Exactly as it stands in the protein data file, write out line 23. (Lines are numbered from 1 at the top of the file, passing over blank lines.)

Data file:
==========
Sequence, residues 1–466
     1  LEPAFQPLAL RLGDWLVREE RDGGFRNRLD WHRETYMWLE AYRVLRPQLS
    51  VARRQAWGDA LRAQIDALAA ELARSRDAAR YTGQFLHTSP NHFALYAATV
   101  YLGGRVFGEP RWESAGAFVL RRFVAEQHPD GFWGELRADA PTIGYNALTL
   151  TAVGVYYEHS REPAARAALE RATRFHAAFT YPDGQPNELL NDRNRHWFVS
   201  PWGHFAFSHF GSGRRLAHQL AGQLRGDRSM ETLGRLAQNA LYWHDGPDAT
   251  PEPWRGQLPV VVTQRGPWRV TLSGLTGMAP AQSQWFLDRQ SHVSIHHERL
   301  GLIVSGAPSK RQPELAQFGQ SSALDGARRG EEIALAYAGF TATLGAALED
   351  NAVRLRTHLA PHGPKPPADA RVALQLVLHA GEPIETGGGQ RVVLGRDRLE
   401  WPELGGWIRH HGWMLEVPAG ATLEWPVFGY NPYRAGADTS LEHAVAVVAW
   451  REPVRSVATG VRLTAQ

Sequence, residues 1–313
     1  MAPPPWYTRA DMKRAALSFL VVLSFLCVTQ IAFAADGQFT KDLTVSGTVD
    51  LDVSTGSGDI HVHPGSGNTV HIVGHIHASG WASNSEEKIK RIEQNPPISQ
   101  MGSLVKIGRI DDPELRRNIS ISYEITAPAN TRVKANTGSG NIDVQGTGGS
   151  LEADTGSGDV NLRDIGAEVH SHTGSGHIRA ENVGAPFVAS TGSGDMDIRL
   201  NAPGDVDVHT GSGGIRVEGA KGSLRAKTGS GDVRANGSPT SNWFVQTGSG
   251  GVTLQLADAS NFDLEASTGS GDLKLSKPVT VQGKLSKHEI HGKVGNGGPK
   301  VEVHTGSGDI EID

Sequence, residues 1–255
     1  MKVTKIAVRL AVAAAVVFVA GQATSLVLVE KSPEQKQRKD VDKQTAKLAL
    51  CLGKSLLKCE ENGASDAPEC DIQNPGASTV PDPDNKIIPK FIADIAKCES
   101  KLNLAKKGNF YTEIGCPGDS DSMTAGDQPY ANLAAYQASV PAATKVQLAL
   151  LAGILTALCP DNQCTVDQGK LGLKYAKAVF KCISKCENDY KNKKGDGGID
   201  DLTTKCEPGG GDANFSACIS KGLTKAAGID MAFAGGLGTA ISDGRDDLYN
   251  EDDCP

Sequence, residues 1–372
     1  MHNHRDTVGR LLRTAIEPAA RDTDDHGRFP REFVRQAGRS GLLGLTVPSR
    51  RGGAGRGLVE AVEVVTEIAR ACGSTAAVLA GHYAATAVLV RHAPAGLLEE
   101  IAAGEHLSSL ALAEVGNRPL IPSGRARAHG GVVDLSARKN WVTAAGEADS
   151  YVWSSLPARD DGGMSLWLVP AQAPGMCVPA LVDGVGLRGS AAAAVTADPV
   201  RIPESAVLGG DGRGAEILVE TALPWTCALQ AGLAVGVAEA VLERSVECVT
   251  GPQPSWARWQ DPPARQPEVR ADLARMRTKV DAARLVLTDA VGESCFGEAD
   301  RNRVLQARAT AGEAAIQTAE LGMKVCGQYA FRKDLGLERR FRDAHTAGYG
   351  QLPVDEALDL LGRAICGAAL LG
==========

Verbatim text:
   101  KLNLAKKGNF YTEIGCPGDS DSMTAGDQPY ANLAAYQASV PAATKVQLAL